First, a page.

European grant to improve healthy ageing in Southeast Asia
|Datum:||21 september 2018|
The European Union has awarded a 4 million grant in order to enhance the prevention and control of chronic diseases in Myanmar, Vietnam and Indonesia. The grant is awarded within the H2020 research programme targeted at scaling up health interventions in Low/Middle Income Countries. Because of the interdisciplinary research this call is a great example of a project that fits perfectly with the ambitions of the Aletta Jacobs School.
Maarten Postma, professor Global Health Economics in the Department of Health Sciences, UMCG, and Aletta coordinator of the method ‘prevention: design & evaluation’, and Jaap Koot, medical doctor and dean Learning Community Global Health at UMCG, were the main applicants of the call.
Maarten Postma explains the main goal: “The project aims to contribute to healthy ageing through better prevention and control of hypertension and diabetes in Southeast Asia, scaling-up cost-effective interventions in this area. In that respect, the project exactly fits the global ambitions in public health of the Aletta Jacobs School as well as the notion of SHARE as UMCG's research institute into prevention. As the Faculty of Economics and Business of RUG is part of the consortium, the project will enhance interdisciplinary health research in our university.”
Postma continues: “Important aspect of the project is the dissemination of health-economic knowledge and techniques in Indonesia, Myanmar and Vietnam, to contribute to allocation of the limited resources in LMICs. This knowledge will support the further development of inclusive and sustainable health systems covering affordable and cost-effective interventions.”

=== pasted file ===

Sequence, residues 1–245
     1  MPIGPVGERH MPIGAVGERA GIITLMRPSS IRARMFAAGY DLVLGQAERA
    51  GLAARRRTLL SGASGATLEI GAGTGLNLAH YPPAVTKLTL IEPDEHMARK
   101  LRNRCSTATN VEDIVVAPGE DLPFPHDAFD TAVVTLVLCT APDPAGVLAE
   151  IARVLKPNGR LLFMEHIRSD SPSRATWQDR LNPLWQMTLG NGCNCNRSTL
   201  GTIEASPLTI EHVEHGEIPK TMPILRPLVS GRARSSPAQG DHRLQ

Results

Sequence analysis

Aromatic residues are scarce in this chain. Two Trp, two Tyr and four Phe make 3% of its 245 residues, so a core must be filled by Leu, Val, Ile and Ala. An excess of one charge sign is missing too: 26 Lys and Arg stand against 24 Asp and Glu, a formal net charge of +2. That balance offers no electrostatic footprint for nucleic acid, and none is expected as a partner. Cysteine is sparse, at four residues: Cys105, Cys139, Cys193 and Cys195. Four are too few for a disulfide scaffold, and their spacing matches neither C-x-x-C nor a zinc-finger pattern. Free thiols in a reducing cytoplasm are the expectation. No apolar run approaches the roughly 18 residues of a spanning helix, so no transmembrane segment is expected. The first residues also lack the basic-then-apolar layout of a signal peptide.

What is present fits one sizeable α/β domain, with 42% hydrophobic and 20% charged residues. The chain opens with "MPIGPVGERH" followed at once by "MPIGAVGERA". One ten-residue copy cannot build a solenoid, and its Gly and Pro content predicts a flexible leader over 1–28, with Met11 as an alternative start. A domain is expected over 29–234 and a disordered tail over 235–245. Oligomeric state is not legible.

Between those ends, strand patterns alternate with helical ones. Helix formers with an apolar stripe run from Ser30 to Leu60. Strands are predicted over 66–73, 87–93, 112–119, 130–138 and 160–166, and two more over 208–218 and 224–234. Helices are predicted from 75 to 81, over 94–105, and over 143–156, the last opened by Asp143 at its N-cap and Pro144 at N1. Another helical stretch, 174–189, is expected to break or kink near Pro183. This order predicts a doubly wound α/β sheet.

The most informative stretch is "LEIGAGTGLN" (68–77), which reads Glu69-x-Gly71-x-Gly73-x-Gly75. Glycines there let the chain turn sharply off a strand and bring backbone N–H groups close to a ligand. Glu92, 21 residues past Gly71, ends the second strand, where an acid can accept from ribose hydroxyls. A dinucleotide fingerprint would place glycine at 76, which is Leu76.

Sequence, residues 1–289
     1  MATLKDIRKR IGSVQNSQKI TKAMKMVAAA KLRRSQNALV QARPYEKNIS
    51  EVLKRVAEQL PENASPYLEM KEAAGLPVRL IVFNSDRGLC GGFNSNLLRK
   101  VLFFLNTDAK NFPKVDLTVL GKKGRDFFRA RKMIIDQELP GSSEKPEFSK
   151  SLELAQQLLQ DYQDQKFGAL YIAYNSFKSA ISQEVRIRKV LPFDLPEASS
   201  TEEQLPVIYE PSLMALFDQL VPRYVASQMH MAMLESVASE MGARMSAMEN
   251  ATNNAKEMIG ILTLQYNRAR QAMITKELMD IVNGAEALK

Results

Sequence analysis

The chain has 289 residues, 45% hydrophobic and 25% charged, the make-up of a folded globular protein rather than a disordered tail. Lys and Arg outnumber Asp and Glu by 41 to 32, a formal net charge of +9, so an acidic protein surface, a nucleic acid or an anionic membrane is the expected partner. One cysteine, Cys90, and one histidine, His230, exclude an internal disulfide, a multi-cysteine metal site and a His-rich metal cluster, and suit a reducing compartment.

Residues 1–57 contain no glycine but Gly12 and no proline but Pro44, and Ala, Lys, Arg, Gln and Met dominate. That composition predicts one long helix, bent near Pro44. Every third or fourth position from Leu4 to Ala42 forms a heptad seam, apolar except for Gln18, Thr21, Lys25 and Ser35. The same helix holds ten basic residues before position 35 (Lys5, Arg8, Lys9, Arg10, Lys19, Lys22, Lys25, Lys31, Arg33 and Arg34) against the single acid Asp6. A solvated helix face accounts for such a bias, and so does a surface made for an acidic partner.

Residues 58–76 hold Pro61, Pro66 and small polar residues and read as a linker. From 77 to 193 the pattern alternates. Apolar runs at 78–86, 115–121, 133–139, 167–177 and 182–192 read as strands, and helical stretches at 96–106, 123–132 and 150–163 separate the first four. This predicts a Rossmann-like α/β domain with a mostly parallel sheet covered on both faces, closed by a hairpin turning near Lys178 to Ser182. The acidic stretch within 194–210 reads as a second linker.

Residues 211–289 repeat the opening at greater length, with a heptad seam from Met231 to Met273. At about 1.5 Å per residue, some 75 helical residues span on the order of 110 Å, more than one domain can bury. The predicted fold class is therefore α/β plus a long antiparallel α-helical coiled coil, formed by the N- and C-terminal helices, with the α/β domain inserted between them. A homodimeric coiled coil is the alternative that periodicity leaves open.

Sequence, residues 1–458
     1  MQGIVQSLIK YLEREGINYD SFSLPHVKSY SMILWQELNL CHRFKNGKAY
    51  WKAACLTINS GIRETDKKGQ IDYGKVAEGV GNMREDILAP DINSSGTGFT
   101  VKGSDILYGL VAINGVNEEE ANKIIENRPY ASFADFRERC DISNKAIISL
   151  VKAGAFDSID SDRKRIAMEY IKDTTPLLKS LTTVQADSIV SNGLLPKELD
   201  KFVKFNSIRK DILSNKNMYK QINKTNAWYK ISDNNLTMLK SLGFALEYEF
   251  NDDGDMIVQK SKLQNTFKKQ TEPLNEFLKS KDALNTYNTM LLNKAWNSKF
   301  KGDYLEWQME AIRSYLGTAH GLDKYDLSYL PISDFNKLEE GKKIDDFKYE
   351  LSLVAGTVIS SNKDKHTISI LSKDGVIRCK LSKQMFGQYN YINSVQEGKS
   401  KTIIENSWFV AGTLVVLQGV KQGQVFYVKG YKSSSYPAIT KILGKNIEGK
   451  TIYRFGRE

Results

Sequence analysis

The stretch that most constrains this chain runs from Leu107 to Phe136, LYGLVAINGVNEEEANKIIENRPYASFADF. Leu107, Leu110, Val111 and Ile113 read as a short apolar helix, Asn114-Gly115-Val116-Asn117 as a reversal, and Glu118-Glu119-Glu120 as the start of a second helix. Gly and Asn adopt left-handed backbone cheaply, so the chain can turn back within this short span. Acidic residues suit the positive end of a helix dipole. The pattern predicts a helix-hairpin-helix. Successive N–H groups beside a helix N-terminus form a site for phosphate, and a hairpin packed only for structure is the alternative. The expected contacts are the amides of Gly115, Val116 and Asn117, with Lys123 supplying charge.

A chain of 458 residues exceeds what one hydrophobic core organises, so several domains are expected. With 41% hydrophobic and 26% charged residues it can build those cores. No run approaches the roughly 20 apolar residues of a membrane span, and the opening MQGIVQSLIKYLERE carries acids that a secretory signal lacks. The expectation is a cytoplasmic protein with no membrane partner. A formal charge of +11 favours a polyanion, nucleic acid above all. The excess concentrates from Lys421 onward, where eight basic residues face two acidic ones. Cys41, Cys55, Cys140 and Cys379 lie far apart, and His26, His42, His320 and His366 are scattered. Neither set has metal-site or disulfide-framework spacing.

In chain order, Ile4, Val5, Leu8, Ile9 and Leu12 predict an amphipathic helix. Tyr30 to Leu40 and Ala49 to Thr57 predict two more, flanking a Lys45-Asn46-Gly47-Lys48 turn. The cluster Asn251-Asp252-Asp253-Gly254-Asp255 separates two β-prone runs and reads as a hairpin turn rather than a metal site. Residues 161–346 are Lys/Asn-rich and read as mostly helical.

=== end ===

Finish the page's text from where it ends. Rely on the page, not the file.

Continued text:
Jaap Koot: “The UMCG department of Health Sciences – Global Health Unit has the lead in this call. The consortium consists of research institutes in Europe and Southeast Asia and representatives of the Ministries of Health and non-governmental networks of community groups in the three Southeast Asian countries. Together the consortium partners will apply a comparative effectiveness research in combination with a participatory approach.’’
And what will the project deliver? Koot: “The project will provide evidence for innovative synergies between community mobilisation and health system improvements to fight diabetes and hypertension and will translate this into evidence-based strategies and guidelines affecting non-communicable disease interventions. This knowledge will support scaling-up of viable healthy ageing approaches worldwide.”
The project will start in January 2019, after administrative preparations and contract negotiations with the EU.